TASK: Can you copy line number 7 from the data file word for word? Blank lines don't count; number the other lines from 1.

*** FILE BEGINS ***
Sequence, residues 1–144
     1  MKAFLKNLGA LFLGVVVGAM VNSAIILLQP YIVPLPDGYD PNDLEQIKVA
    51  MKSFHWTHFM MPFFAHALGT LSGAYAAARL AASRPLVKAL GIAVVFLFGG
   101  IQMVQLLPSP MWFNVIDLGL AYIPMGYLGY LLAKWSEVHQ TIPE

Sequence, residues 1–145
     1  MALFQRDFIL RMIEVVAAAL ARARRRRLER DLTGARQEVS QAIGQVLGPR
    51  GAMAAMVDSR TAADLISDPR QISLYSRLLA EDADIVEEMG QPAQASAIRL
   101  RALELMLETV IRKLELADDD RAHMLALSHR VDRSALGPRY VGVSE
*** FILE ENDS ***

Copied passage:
    51  GAMAAMVDSR TAADLISDPR QISLYSRLLA EDADIVEEMG QPAQASAIRL